[UPDATE] Tallahassee Judge Sentences Local Man in Nation-wide Fraud Case

By: Eyewitness News; Jerry Askin Email
By: Eyewitness News; Jerry Askin Email

UPDATE 05-11-2011 at 6:30pm by Jerry Askin

A federal judge sentenced 20-year old Gaspar Bishop to 87 months in federal prison. Wakulla County Sheriff’s deputies arrested Bishop at his Crawfordville home in July 2010. The former Brooklyn, New York resident is accused of stealing the personal identities of people all over the U.S. and creating fake credit cards.

“It makes you worry a lot about what you're doing on the Internet and where you're ordering things from, and what you're doing with your credit card information," says Leslie Porter - a resident of Wakulla County.

Porter now lives in Bishop's former home and says she is more protective of her credit card information.

47-year old Trevor Hubbard and 22-year old Elizabeth Caldare were also arrested as part of the fraud scheme trio. The case included 250 victims and 300 thousand dollars in losses.

Porter says, "People that are stealing from other people, no matter how - whether they're breaking into their house or doing it online, they should be taken off the streets."

Wakulla County Sheriff David Harvey says, "I applaud the sentence of the judge. We must continue to send the message that this type of case is not victimless and will not be tolerated in the county or anywhere else."

Carolyn Stewart of Wakulla County says, "My son orders a lot of stuff over the Internet, but I don't fool with the Internet."

"Stealing people's identity is a private thing and makes you feel like you've been violated," says Cynthia Perez of Wakulla County.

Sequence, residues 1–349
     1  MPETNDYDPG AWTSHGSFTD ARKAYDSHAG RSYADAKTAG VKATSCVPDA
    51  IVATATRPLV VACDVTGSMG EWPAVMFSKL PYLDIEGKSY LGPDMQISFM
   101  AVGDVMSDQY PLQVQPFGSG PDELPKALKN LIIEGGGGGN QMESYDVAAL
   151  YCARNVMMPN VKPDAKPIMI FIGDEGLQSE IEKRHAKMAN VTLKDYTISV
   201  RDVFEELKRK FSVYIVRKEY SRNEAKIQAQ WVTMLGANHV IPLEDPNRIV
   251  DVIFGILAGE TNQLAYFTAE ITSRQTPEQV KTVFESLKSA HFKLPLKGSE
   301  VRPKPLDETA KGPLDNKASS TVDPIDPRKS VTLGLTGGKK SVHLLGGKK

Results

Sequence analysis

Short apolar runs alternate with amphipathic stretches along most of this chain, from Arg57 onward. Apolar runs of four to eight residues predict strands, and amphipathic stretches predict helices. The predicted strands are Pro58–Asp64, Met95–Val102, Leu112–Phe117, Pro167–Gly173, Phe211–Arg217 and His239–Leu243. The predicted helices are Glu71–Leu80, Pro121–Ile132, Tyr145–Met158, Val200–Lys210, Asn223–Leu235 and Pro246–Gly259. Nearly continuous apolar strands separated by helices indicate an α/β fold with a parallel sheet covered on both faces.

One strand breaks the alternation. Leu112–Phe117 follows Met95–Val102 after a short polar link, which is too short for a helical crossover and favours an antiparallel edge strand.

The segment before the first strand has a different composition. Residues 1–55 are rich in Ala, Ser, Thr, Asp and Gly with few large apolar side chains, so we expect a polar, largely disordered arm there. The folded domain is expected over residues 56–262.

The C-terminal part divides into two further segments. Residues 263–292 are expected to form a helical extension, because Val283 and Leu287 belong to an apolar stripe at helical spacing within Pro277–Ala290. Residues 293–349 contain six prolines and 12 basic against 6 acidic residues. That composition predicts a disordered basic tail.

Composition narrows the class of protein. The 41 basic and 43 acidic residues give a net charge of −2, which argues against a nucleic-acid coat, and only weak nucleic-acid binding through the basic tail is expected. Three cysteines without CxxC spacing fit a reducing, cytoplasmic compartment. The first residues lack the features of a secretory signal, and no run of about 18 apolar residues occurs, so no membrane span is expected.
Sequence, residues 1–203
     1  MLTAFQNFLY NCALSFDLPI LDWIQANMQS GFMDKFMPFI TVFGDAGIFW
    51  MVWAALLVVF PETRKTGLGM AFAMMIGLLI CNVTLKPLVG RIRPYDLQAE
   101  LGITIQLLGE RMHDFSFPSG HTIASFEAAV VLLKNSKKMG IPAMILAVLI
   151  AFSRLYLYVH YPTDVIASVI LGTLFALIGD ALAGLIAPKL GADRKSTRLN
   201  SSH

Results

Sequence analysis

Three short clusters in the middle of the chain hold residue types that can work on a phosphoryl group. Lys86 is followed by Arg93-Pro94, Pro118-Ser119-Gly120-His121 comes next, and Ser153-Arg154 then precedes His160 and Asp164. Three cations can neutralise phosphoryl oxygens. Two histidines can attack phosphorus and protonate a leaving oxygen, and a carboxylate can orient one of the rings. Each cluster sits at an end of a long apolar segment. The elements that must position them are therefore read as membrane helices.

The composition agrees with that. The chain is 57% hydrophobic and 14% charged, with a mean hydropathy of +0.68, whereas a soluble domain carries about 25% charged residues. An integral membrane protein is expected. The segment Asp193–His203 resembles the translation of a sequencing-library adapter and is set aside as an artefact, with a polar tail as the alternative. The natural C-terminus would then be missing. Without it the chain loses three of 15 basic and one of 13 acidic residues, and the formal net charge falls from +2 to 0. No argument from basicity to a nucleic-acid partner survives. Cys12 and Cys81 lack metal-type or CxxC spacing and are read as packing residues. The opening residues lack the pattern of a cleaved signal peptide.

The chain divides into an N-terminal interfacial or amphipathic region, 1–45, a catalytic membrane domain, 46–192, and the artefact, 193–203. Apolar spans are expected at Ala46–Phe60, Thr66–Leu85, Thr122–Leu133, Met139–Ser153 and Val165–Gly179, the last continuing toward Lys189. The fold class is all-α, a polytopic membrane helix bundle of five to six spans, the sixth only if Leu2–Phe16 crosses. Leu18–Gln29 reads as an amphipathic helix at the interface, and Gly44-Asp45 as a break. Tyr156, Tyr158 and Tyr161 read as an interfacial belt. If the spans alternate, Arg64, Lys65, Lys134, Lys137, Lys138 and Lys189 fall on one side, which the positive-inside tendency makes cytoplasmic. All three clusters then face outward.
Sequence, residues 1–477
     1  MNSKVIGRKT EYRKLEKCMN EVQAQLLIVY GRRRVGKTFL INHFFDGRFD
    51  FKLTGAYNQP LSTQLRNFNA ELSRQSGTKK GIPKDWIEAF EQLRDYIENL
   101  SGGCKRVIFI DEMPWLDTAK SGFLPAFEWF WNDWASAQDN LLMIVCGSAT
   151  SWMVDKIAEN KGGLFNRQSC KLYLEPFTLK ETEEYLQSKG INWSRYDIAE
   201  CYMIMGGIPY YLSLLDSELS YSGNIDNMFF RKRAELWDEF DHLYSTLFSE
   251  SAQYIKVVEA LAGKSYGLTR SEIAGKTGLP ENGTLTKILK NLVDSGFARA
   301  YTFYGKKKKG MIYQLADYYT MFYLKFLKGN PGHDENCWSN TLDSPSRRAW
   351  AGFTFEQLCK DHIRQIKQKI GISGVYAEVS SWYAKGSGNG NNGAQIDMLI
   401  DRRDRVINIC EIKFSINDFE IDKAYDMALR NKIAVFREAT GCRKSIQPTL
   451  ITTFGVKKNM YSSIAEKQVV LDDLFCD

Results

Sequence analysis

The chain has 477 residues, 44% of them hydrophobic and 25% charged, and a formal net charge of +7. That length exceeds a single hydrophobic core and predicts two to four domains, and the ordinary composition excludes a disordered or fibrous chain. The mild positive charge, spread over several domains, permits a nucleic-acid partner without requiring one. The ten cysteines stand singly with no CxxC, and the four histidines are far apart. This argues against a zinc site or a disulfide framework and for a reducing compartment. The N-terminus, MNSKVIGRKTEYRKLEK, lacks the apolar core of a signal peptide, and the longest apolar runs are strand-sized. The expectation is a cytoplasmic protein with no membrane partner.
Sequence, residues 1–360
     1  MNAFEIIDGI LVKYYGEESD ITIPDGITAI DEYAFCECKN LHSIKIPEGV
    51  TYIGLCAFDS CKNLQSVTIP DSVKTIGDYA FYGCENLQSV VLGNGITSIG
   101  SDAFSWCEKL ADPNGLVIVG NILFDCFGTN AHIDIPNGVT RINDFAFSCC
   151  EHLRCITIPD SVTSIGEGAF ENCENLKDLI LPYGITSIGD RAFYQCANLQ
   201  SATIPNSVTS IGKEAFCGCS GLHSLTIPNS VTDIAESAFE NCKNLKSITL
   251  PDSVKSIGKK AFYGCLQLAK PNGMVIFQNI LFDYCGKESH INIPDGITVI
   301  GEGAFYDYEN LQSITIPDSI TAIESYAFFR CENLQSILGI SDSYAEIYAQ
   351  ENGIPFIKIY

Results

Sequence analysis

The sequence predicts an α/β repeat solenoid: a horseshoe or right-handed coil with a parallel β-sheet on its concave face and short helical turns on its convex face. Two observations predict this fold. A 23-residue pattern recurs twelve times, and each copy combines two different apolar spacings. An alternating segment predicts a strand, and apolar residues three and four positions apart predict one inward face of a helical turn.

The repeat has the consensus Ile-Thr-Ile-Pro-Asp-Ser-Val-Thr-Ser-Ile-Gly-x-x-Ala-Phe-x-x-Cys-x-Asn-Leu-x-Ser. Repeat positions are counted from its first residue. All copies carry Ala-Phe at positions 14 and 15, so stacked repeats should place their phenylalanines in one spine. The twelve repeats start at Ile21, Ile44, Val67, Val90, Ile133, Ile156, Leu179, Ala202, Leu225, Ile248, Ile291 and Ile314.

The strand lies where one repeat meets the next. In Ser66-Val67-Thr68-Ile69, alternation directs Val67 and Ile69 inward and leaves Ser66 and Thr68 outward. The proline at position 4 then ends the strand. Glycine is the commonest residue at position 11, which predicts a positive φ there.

Deputies say the three used stolen credit card numbers to purchase gift cards and used people's identities to open up lines of credit and sell the information to people in other countries.

Hubbard and Caldare are scheduled to be sentenced within the next 30 days.

Stay tuned to WCTV for the latest.

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[UPDATE] 5-12 Noon -

A Tallahassee judge sentences a local man to seven years in prison in connection with a fraud case that stretched across the U-S.

In July 2010, the Wakulla county sheriff's office arrested 20-year old Gaspar Bishop at his home in Crawfordville. Deputies say Bishop and two other people, 47 year old Trevor Hubbard, and 22-year old Elizabeth Caldare, were involved in an operation to steal personal Identities and create fake credit cards. The judge noted at the sentence hearing that the case included 250 victims and a monetary loss of $300,000.

The two co-defendants, Hubbard and Caldare, in the case are expected to appear in federal court in the next 30 days to face the judge as well.

We'll have more reaction on this story later on Eyewitness News.

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GASPAR BISHOP SENTENCED IN FEDERAL COURT

A 20-year-old Brooklyn, N.Y. man was sentenced to 87 months in federal prison in connection with a massive fraud case that stretched across the United States and to international locations, Wednesday, May 11. The break in the case came in Crawfordville in July 2010 when Wakulla County Sheriff’s Office investigators were able to arrest one of the suspects following the service of a search warrant.

“I am proud of the work of our detectives in solving this case,” said Wakulla County Sheriff David Harvey. “We must continue to send the message that this type of case is not victimless and will not be tolerated in Wakulla County or anywhere else. I applaud the sentence of Judge Hinkle.”

U.S. District Court Judge Robert Hinkle of the Northern District of Florida sentenced Gaspar Bishop, A.K.A. Nigel Raymond Humphrey, at a hearing in Tallahassee. Two co-defendants in the case are also expected to appear in federal court in the next 30 days to face the judge as well. Bishop and the co-defendants were indicted by a federal grand jury on Dec. 7, 2010.